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Ground-penetrating radar helps locate graves in old Picacho Cemetery


There are only two grave markers in the old Picacho Cemetery located just outside Las Cruces near Shalem Colony and Fairacres and the names of fewer than 40 of the hundreds of children and adults buried there are known. But historical records and a lot of work by the Doña Ana County Historical Society (DACHS) have shown that several hundred people are buried in the cemetery, which was in use circa 1860- 1949.

Using cutting-edge technology, including ground-penetrating radar (GPR), CSTi (Construction Survey Technologies, Inc.) of Las Cruces has confirmed that about 400 unmarked graves are located on 1.2 acres on the north and south sites of the Village of Picacho Campo Santo de la Sagrada Familia Cemetery, including a couple of dozen graves that are stacked on top of each other.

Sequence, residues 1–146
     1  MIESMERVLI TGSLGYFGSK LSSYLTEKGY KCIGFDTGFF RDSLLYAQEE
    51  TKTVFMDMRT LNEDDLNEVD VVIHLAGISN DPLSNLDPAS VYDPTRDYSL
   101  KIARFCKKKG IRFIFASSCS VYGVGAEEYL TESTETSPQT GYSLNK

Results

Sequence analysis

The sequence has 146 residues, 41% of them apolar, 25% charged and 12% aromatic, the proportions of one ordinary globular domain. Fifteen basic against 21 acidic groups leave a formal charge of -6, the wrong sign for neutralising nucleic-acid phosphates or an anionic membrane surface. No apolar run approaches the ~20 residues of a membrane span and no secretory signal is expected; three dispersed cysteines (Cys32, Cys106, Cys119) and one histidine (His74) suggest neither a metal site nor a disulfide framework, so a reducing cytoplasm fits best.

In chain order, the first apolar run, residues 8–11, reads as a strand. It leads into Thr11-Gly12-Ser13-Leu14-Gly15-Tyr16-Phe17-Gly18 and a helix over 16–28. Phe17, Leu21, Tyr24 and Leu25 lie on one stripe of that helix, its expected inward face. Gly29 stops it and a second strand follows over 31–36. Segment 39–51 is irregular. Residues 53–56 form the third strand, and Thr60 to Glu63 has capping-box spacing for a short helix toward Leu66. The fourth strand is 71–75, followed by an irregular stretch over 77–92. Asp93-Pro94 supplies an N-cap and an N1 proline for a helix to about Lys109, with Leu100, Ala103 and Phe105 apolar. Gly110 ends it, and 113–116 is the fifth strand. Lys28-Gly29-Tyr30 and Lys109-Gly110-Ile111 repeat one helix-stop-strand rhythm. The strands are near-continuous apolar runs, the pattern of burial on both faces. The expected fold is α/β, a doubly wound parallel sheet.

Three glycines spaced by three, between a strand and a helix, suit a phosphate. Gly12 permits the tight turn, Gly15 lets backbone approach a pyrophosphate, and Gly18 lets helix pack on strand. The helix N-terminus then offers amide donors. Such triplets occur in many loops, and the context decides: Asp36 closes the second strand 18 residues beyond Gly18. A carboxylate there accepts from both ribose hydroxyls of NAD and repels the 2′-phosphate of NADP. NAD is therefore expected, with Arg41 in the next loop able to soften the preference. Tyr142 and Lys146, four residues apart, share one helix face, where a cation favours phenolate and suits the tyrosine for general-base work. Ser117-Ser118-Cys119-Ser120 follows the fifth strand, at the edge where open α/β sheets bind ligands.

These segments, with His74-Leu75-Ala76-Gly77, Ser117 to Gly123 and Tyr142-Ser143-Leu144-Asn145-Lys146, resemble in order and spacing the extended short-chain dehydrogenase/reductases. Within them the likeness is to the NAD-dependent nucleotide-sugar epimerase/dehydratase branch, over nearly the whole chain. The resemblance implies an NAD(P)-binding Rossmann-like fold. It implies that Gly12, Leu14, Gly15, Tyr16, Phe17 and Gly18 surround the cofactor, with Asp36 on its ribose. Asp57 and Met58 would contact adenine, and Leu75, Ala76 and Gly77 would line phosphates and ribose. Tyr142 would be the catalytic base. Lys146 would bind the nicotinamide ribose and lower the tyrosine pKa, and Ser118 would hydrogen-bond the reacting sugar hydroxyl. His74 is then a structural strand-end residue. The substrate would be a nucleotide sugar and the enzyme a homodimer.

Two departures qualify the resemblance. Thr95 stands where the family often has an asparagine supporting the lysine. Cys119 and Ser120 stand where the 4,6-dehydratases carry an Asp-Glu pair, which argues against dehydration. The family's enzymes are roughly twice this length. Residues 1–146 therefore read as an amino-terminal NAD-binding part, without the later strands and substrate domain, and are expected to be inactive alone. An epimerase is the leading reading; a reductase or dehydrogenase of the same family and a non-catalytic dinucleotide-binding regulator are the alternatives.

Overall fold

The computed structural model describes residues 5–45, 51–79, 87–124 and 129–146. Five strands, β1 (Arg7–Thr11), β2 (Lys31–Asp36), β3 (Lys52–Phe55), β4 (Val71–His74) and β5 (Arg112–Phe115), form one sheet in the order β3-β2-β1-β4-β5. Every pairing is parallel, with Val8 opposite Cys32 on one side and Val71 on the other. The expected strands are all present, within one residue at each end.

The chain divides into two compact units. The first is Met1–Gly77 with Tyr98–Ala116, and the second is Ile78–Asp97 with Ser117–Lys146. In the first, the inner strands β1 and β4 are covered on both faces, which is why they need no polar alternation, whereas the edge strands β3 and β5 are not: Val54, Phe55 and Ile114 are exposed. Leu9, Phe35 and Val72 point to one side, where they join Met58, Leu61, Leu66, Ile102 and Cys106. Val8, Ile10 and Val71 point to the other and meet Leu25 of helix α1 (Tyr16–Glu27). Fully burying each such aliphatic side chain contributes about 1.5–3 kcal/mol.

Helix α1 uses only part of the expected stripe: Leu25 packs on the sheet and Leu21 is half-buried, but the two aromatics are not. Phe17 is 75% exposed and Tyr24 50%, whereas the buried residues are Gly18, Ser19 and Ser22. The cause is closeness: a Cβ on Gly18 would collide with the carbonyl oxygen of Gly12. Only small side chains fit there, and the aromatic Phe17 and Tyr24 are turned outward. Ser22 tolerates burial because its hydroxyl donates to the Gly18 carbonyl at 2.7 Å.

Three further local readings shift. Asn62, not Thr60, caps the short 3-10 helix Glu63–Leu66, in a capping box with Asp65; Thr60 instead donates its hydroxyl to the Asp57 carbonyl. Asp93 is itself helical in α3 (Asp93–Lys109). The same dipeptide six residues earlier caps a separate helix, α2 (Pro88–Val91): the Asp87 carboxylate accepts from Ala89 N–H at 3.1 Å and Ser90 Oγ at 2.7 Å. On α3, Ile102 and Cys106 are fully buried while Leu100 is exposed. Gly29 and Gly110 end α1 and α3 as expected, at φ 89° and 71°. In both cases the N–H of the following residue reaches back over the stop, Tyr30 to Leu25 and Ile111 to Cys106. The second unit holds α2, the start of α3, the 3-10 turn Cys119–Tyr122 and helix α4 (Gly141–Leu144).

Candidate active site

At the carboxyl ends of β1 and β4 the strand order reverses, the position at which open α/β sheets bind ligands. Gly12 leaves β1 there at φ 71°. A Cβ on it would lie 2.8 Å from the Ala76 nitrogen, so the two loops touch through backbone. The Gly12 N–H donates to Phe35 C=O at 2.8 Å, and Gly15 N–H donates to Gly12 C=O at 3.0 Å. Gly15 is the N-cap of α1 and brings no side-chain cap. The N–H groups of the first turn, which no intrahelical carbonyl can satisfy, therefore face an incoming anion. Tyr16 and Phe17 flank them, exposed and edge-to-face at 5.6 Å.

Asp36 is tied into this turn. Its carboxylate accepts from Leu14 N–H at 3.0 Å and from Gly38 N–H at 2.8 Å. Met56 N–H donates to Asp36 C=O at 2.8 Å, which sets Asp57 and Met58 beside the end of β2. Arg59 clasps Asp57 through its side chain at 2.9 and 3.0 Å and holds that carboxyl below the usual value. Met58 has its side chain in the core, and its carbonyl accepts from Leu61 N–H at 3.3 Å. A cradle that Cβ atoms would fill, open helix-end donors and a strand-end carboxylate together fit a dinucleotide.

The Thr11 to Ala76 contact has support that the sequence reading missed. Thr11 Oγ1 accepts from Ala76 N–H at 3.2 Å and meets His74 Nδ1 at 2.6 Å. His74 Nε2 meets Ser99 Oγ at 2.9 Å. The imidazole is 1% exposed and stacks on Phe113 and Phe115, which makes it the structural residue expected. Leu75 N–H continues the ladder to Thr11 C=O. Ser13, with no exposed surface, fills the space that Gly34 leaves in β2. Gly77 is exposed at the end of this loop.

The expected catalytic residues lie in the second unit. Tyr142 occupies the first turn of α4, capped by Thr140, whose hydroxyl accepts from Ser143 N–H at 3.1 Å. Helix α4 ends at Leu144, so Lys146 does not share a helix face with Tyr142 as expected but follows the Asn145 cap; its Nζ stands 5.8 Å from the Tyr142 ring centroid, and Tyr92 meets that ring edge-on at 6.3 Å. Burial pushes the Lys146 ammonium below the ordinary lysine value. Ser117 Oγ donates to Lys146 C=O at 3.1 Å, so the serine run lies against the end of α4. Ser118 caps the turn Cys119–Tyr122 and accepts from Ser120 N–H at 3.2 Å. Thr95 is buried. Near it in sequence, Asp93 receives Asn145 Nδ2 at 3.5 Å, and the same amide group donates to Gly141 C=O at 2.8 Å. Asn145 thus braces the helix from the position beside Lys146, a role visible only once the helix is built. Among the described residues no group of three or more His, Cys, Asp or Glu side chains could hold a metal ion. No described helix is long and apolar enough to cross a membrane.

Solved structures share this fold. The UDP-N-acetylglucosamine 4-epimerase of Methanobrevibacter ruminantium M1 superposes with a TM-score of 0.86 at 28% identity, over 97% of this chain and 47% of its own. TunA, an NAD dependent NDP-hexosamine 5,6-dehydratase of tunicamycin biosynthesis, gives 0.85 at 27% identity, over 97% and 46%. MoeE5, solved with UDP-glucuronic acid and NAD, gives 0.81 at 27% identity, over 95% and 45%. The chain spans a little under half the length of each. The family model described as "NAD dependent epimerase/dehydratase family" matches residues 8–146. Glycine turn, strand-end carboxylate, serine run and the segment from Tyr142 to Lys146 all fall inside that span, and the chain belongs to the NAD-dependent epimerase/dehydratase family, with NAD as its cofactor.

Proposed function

“That’s a lot of unidentified people,” CSTi CEO and co-founder John Gallegos said at DACHS’s March 16 meeting at Good Samaritan Village.

GPR can’t identify the children and adults resting there – including many who likely died during the 1918-20 flu pandemic – but documenting the locations of their graves is important, Gallegos said. For the people buried there, it’s a way of saying “I matter again,” he said.

Gallegos, CSTi co-founder David Acosta and others from the company have made nearly a dozen visits to the cemetery since 2019 – volunteering their time and the use of their equipment – to locate the graves, which mostly lie about 3.5-eight feet below ground, Gallegos said.

“They’re exceptional,” DACHS member Sally Kading said about CSTi at the meeting. “They really have been wonderful.”

“We love to go out in the community,” Gallegos said, helping to “make the unknown known.”

In addition to confirming the location of graves, CSTi’s work also uncovered a couple of anomalies in the cemetery that have Gallegos and Acosta curious and may lead to some additional work.

“We know there’s something there,” he said.

“The next steps are to scan the acres that are not pedestrian accessible,” Gallegos said, and try to locate a child’s grave marker that has marbles and toy cars embedded in the top. Is there more to learn from GPR and similar technologies at the site? To be continued …”